The Mitzvah of Rejoicing in all that is Good
Through Heartbreak and Hopelessness
When contemplating the weekly parasha, sometimes it takes an acrobatic intellectual leap to craft a connection between the wisdom of the Torah and current events while other times, the weekly reading seems handpicked for a particular moment in time.
The latter is true of this week’s reading from the book of Deuteronomy – Ki Tavo.
Familiar to many readers as containing the “Aramean” section of the Passover Hagaddah, Ki Tavo begins with Moses relaying God’s instruction to the Children of Israel, saying, "When you dwell in the promised land, take a selection of the first fruits and bring them to the place God chooses for God's Name."
The text goes on to explain that an offering shall be brought with the mindfulness that the supplicants were once slaves in Egypt and God brought them to freedom "with a strong hand and outstretched arm, with signs and miracles." The commandment to express gratitude for this act of redemption is self-explanatory and then the text takes a turn, telling us something puzzling.
"You shall cast yourself down before the Presence of God and you shall rejoice in all the good that God has given you and your household."
In Hebrew, the verse is: "v'samachta b'kol hatov."
What is the purpose of a commandment that mandates celebration? Naturally we rejoice when things are going well! Why must we be commanded to be happy? Doesn’t that seem unnecessary? It is, after all, when life is not going well that we must remember to praise the Creator of Life.
Prior to this previous summer, a midrash on this verse was that “v’samachta b’kol ha tov” is not just commandment but an insight into the nature of life and our need for perspective. “V’samachta b’kol ha tov” is a reminder that we constantly live at the nexus of joy and sadness and we must celebrate joy…so we don’t take the goodness of life for granted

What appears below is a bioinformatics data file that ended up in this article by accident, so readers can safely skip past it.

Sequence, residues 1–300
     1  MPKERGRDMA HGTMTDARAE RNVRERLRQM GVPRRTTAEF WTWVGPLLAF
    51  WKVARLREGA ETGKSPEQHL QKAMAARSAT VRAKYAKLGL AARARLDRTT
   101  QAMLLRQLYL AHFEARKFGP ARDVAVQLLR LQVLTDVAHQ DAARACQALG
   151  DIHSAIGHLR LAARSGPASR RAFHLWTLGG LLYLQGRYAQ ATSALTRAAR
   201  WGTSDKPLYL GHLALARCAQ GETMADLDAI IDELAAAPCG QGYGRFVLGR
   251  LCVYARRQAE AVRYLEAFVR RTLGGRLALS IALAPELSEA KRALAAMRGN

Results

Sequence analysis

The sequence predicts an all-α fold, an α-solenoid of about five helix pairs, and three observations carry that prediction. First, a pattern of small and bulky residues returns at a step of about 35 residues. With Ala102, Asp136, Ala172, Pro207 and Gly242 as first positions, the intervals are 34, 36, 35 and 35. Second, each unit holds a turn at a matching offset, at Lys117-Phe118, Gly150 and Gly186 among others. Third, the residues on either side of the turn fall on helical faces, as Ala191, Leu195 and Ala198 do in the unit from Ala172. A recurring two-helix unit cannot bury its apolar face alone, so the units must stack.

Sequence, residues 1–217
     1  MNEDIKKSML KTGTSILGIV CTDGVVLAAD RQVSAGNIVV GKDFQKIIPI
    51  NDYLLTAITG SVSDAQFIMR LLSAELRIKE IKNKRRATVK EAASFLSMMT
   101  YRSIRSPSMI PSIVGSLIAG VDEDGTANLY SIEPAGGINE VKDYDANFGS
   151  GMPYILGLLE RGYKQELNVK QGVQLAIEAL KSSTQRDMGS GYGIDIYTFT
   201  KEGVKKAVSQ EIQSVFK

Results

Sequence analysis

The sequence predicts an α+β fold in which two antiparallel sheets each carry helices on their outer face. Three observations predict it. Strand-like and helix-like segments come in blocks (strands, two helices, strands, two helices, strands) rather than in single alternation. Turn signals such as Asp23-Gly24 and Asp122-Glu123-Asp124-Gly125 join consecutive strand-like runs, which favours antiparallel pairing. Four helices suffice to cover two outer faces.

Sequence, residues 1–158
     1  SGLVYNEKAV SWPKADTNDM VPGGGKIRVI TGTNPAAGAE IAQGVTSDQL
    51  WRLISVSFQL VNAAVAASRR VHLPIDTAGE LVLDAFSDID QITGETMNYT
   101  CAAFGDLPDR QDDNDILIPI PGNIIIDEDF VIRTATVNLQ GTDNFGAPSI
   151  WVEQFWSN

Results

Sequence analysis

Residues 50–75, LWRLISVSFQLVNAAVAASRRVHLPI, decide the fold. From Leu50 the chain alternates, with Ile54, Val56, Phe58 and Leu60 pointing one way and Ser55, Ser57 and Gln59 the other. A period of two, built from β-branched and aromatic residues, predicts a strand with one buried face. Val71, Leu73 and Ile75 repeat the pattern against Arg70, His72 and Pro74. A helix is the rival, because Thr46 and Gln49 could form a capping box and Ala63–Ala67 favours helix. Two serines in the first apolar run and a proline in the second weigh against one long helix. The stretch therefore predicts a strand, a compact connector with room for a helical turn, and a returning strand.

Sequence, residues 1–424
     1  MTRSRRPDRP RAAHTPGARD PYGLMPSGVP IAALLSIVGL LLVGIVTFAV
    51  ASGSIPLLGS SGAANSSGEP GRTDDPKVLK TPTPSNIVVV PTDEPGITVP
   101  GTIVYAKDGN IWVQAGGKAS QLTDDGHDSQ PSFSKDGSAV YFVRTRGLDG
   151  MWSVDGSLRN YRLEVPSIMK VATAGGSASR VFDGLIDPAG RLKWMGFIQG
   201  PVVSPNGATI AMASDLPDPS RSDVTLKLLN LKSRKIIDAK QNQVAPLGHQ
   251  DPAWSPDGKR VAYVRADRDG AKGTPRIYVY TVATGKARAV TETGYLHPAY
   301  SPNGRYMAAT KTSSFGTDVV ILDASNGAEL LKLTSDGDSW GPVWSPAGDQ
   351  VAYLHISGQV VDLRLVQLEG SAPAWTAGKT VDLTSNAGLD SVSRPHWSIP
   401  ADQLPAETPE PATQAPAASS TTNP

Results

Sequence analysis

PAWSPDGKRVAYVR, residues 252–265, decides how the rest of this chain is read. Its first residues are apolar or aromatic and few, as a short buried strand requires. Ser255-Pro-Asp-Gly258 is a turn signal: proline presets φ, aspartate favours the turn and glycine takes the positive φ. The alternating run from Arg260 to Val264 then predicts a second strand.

This commandment, which is more properly a teaching, is also a vital ingredient for resiliency. Shore up your appreciation for all that is good so that when the dark days come, you believe in the ultimate goodness of life and God’s love for humankind and have the strength to endure and transcend.
Yet, as I prepare for Shabbat on this, the fourth mission of Conservative Jews to Israel within four months, I have a brand-new insight into this verse in Ki Tavo; indeed, I feel as if the Torah is speaking directly to me, to the people of Israel and to the global fellowship of Klal Yisrael at this very complicated moment in our history.
This past summer witnessed the toughest and most sustained war Israel has endured since her inception. Scores of families have lost loved ones; Israel is still reeling from the trauma that she suffered at home and globally as the tide of world opinion went from tov to ra – from favorable to negative – with anti-Zionism becoming the newest, most fashionable ideology worldwide, alongside its twin tendency, anti-Semitism.